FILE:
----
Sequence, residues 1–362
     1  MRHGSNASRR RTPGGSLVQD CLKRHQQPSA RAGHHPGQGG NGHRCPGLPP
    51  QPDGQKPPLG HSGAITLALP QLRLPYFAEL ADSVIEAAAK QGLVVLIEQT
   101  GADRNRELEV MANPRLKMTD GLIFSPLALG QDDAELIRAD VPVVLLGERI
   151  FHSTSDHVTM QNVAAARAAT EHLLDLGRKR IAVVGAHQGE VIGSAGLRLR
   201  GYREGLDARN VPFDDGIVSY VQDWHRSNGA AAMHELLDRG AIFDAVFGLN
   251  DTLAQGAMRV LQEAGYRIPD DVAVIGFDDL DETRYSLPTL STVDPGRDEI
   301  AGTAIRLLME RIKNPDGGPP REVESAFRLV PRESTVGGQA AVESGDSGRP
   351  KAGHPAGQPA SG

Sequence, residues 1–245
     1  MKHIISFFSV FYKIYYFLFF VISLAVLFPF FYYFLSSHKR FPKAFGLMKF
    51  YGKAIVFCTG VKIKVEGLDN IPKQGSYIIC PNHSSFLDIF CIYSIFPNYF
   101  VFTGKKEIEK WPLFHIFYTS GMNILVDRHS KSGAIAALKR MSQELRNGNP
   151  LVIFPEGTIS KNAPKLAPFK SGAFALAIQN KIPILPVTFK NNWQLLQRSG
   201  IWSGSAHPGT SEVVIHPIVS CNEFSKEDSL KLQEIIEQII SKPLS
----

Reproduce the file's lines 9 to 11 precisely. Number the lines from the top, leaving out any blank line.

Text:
   351  KAGHPAGQPA SG

Sequence, residues 1–245
     1  MKHIISFFSV FYKIYYFLFF VISLAVLFPF FYYFLSSHKR FPKAFGLMKF